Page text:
Features of the New Nehalems: What is Jammed Into a Core i7? – Scalability and Bandwidth
written by: J. F. Amprimoz•edited by: Lamar Stonecypher•updated: 1/28/2012
Intel has been touting its Nehalem architecture for a while, and the first CPUs of the new family are just around the corner. We explain what is new about these processors.
slide 1 of 5
The new Nehalem architecture has many new features but Intel isn’t throwing out the successful facets of Core 2 entirely. The new architecture focuses not on radically changing Core 2, but on improving it in two ways: scalability and bandwidth.
slide 2 of 5
If you think of a CPU as an engine, and a core as a cylinder and piston in that engine, Intel has tried to do two things better: more scalability and bandwidth available to the retained elements of the preceding design. Scalability implies taking a good piston design, and finding a way to use it in everything from 2-cylinder motorcycle engines to 16-cylinder performance yacht engines, and making sure that if someone is using 2 or more engines in concert that they work well together.
To Intel, scalability is about making Nehalem based chips perfect for a broad range of applications. The initial i7 Bloomfield CPUs will be quad core, but next year’s value chips, Havendales for the desktop and Auburndales for laptops, will be duo core, while some server offerings will have 6 or 8. The X58 chipset for the desktop only has room for one CPU, but multiple CPU boards will be made available for servers and workstations. Part of scalability is modularity; how easily Intel can slap different components of a chip together. The slide from a presentation by Ronak Singhal (TPTS001, page 28) at the 2008 Taipei Intel Developer Forum (shown at right) indicates how a different number of cores, memory channels, and other factors, can be modified for different needs.
Several of the new features help scale not only what kind of hardware is available for sale from Intel, but how it handles different tasks to your advantage. A Power Control Unit can shut off unused cores and activate Turbo Boost Technology, automatically overclocking the cores that are working. Hyper Threading allows a core to run two streams of instructions, so the CPU can run extra streams (albeit more slowly) when needed, without the power or monetary costs of a physical core. These technologies and the new Loop Detection scheme are explained in this article.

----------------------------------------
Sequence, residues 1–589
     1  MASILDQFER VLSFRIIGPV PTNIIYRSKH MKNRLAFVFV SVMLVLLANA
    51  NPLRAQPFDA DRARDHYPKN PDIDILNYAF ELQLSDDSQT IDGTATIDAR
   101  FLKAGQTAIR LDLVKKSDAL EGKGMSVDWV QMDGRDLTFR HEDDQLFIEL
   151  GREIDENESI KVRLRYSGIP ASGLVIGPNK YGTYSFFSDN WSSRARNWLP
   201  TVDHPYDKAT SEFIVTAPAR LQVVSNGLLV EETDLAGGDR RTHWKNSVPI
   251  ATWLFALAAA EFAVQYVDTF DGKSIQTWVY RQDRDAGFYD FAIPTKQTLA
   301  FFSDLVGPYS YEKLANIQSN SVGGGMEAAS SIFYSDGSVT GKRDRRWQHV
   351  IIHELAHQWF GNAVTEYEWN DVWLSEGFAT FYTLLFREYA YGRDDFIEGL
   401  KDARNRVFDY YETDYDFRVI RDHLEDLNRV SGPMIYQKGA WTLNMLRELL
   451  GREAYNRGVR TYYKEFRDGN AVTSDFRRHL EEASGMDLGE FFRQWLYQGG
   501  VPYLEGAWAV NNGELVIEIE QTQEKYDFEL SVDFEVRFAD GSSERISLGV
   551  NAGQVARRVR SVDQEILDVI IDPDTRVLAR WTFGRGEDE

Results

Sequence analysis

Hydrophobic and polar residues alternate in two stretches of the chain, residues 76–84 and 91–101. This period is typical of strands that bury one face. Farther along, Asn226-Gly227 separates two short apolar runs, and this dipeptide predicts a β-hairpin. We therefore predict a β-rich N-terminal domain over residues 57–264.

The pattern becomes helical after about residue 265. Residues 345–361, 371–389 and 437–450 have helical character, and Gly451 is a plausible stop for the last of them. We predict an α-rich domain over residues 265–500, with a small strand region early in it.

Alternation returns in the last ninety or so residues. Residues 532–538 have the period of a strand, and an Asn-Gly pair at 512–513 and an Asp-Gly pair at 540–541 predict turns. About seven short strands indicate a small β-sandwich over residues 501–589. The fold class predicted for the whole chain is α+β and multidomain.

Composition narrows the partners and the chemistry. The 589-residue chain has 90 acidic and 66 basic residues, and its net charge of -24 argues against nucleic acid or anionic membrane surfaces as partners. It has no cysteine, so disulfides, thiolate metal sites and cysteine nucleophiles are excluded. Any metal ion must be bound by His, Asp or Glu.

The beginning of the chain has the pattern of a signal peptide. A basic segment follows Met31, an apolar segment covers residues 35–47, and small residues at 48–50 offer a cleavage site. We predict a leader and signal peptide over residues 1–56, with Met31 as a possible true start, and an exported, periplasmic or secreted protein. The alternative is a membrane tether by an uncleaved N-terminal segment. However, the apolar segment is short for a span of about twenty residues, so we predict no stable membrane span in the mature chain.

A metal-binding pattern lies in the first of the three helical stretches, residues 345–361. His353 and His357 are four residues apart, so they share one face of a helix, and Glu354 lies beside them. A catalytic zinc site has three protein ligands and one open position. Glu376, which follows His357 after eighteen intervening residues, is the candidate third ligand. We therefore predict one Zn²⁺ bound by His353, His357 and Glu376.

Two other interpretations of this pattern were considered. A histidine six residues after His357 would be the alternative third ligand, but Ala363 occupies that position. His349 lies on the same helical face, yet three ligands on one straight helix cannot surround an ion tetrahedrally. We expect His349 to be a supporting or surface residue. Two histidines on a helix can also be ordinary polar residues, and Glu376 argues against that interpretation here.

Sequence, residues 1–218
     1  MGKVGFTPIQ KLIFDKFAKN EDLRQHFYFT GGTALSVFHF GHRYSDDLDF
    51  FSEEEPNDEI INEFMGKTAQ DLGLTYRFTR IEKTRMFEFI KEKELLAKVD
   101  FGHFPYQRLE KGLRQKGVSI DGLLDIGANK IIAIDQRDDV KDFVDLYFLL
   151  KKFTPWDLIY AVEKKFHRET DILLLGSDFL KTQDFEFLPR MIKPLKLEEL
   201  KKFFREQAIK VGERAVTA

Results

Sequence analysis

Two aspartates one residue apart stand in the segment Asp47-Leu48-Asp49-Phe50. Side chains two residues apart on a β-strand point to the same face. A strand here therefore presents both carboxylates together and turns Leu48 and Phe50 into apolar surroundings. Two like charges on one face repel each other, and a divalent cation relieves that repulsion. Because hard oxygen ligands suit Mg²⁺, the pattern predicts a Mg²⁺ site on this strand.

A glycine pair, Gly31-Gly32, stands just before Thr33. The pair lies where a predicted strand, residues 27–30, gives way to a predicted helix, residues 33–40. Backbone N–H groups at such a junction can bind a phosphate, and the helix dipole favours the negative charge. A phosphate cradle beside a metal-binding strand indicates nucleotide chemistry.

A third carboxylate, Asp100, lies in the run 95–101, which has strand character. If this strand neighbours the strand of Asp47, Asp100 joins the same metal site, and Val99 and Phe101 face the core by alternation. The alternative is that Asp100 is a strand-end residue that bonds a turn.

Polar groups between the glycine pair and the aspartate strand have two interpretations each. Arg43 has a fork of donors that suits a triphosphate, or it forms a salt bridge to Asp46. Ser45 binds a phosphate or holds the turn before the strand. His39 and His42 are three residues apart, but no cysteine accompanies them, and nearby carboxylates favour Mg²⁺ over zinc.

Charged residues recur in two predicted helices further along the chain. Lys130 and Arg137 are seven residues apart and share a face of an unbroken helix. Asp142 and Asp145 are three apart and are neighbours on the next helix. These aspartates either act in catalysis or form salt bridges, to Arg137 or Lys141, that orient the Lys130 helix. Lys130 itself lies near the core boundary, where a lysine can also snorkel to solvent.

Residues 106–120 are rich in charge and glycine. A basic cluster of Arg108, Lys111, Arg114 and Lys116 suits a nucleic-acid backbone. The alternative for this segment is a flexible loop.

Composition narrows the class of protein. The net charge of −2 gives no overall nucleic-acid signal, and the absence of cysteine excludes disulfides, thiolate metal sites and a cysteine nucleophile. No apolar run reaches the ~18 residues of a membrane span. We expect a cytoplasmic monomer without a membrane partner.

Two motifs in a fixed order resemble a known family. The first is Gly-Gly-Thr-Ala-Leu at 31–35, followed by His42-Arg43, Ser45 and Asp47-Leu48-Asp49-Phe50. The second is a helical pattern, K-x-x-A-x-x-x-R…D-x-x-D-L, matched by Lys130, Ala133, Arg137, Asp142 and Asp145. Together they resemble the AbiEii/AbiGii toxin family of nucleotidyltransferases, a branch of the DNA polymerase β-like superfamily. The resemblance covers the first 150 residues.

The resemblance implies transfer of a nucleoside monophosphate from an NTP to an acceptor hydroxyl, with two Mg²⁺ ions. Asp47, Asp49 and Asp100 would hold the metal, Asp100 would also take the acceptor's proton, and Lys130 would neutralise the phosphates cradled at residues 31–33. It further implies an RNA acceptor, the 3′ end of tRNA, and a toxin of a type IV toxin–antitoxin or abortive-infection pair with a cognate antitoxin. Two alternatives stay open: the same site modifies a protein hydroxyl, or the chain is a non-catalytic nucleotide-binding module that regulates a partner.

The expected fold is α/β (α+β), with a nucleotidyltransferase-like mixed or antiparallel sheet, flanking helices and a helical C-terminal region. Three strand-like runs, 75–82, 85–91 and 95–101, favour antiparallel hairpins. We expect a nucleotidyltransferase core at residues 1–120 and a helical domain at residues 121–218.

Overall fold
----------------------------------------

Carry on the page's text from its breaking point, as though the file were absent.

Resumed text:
slide 3 of 5
Quick Path Interconnect
Quick Path Interconnect (QPI) allows CPUs in multi-processor boards to talk directly to one another. CPUs will, in theory, have one QuickPath Interconnect for each other CPU on the board, and one that communicates with an I/O Hub which talks to the PCI-E cards and southbridge. The diagrams below, from a briefing by Intel’s Stephen L. Smith, show how this will work on a multiple CPU server (left) and the single CPU i7’s for the desktop (right). Intel also has a video demo of how QPI works here.
Obviously we’re getting into the chipset/motherboard side of things, so we’ll come back to QPI in the article after the next. For now, what is important to note is that QPI won’t only help out the multi-GPU server crowd’s scalability, it will also help desktop users get the other big benefit Intel wants to see from Nehalem…
slide 4 of 5
QPI: Server and Desktop
slide 5 of 5
To resume the engine analogy, bandwidth is somewhat like an engine’s valves. Improving the valve train and timing allows more optimal intake of fuel and air, and exhaust of spent gases, into and from each cylinder. Improving the bandwidth of the CPU allows more optimal intake of data and instructions, and exhaust of results from processes, into and from each core.
In addition to using QuickPath to communicate with the I/O Hub PCI-E cards, southbridge, and other CPUs, Nehalem processors will have an onboard memory controller and access memory directly as indicated by the above slide on the left.. These two features more or less spell out the end for the Front Side Bus and northbridge as we know them. Like QuickPath, this has a lot to do with the chipset and mobo on which it will run, so we’ll look at it more closely in the article after the next.
Some other changes were made to better use the new memory system, thusly optimizing bandwidth, we’ll look at those now.